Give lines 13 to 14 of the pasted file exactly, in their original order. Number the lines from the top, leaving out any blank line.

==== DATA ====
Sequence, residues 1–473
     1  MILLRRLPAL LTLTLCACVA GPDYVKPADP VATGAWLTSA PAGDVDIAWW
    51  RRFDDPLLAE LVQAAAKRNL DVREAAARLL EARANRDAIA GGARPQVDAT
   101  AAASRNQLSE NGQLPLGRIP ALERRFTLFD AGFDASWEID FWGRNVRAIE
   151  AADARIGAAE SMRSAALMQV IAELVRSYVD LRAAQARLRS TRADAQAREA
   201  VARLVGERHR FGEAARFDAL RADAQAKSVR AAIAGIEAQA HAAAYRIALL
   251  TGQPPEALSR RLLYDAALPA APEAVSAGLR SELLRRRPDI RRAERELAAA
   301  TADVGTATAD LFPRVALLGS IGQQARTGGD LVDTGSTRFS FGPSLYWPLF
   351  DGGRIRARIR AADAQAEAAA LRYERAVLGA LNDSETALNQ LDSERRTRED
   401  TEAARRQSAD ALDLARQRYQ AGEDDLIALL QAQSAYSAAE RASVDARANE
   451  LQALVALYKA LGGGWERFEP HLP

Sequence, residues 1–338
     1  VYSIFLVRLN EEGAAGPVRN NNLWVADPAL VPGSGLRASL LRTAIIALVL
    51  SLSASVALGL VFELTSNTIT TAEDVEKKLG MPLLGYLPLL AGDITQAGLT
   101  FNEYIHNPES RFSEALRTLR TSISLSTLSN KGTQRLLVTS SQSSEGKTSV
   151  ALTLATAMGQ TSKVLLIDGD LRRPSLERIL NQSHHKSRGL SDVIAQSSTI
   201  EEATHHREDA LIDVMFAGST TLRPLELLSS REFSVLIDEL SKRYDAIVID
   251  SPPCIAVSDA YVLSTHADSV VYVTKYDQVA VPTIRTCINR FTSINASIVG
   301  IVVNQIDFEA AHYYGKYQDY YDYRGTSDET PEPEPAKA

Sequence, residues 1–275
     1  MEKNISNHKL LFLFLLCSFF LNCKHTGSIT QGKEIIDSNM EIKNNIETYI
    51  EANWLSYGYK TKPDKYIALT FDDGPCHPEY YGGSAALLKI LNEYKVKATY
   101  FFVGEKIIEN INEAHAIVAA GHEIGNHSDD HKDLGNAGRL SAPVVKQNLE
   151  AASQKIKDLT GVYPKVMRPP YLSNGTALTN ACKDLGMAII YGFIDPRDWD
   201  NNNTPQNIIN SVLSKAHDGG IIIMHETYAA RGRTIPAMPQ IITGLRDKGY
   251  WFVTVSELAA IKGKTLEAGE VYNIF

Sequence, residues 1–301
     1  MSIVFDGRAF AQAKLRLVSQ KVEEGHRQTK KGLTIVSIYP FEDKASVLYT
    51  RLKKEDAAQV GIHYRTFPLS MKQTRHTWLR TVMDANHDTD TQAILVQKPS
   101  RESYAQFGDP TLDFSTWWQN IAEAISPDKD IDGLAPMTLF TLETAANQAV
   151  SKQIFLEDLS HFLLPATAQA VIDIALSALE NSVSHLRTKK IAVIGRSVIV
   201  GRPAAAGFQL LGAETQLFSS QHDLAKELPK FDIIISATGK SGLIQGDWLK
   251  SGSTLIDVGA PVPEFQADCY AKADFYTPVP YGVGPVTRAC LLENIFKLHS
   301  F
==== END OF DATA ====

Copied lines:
     1  VYSIFLVRLN EEGAAGPVRN NNLWVADPAL VPGSGLRASL LRTAIIALVL
    51  SLSASVALGL VFELTSNTIT TAEDVEKKLG MPLLGYLPLL AGDITQAGLT